Alvin Leung rose to prominence in Hong Kong, becoming known for what he calls ‘X-treme Chinese’ cuisine, an experimental technique that morphs traditional Chinese recipes into weird and often kinky culinary experiences.

Ryan Hopkinson didn’t set out to make this film about ‘good-looking’ plates of food, but instead wanted to give the audience a glimpse into Alvin’s imagination and help people to understand what makes him approach new dishes in such a unique and distinctive way. His aim was to challenge the viewer to think about food and how we interpret it in just the same way that Alvin does.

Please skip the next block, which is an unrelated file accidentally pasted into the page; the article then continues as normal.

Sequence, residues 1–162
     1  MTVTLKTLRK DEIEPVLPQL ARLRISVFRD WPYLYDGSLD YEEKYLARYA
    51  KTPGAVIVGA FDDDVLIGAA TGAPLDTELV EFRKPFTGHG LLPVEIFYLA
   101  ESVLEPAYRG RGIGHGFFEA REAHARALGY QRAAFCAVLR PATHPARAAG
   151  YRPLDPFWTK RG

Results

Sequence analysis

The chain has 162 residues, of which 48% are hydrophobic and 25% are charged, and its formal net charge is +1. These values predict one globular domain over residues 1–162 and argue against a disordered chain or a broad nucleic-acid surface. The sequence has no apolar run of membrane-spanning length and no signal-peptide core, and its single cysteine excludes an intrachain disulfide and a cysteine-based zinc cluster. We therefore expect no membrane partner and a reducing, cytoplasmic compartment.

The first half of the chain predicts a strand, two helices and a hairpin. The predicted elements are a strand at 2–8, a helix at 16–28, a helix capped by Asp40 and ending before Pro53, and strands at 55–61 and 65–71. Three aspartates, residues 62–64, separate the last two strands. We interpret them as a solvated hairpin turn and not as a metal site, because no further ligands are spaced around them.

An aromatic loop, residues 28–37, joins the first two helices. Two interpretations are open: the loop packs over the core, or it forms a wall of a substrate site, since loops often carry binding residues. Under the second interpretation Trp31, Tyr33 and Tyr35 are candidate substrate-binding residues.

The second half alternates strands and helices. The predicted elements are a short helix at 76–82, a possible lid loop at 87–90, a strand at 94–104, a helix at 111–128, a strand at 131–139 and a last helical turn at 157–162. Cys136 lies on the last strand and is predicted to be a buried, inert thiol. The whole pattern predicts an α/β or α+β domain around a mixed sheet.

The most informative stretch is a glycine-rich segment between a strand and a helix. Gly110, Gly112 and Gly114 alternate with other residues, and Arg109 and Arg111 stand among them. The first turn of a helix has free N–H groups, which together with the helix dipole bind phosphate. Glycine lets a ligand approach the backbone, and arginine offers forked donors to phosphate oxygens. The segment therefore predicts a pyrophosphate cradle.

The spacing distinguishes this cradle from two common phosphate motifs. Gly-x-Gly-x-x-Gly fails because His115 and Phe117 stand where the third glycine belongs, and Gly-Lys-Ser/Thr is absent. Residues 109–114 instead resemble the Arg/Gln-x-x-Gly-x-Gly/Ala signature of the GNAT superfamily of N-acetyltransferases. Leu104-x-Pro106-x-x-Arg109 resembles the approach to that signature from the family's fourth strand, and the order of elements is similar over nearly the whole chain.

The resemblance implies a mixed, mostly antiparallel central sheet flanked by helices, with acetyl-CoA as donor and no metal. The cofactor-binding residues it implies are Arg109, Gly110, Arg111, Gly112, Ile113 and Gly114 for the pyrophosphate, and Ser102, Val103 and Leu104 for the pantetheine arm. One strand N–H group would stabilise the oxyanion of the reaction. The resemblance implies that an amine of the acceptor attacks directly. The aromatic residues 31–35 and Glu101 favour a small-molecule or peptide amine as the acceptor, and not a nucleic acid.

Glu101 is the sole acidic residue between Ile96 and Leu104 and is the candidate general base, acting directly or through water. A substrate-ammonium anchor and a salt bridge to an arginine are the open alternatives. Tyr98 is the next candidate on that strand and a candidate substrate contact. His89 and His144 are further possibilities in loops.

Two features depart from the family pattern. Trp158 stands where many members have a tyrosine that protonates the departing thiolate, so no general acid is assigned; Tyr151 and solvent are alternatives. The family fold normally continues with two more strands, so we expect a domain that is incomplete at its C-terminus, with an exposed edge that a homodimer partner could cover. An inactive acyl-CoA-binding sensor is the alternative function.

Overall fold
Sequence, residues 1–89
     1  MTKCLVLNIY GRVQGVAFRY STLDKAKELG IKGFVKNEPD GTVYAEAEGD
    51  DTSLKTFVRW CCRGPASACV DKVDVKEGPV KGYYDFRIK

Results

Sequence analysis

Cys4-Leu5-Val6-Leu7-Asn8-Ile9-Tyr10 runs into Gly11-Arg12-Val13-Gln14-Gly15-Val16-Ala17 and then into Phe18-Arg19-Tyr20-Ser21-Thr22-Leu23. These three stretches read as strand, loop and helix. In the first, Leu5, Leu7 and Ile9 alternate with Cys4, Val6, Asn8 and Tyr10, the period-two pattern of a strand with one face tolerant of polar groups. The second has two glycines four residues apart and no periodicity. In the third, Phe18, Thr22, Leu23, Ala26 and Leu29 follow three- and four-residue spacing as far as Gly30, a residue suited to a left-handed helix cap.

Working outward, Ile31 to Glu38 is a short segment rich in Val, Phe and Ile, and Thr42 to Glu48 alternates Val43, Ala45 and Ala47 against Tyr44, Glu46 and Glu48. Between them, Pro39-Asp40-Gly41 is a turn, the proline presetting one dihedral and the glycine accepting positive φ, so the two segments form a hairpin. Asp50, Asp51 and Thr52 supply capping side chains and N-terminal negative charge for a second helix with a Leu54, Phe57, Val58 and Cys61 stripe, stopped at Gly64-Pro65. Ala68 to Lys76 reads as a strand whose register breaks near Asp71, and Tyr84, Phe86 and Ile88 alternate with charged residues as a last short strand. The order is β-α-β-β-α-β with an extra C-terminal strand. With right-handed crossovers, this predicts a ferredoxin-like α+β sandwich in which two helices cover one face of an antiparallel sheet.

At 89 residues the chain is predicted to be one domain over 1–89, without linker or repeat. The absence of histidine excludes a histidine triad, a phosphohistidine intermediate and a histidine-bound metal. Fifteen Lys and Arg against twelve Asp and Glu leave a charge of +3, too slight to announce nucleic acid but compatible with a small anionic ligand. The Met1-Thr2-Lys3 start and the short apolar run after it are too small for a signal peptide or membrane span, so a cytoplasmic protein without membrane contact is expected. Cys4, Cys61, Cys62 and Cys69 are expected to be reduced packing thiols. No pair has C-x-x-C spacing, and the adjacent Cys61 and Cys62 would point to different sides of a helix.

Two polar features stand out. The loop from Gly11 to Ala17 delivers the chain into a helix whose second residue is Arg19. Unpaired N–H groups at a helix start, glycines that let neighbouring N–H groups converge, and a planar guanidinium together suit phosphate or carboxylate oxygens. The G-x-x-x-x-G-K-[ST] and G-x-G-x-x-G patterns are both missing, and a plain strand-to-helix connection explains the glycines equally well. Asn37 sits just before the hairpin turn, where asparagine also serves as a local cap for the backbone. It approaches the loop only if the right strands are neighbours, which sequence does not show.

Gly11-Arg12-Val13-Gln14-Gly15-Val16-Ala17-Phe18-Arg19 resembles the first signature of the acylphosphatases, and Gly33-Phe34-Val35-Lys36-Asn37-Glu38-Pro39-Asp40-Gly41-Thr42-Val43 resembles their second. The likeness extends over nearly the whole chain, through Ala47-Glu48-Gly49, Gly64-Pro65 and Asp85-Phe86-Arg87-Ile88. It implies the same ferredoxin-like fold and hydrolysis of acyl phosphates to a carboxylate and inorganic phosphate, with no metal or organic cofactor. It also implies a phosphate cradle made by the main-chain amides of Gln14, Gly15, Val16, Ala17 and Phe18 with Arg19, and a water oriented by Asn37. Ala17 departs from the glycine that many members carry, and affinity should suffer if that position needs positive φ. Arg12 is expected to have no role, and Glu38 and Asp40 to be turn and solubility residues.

As with the majority of Ryan’s work, everything in ‘Demon Days’ was shot for real and in-camera. As the film progresses, Ryan references the importance of creativity and innovation in science and food culture through playing with perception and using a mixture of lenses and effects to create an abstract world of micro environments within objects. Different cuts of meat are blow-torched to look like falling meteorites, burned steaks are made into mountain ranges and mini universes evolve within the mysterious interior of a blender.

Featured on: NOWNESS – Its Nice That – One Point Four – Vimeo Staff Pick – Promo News – Bullett

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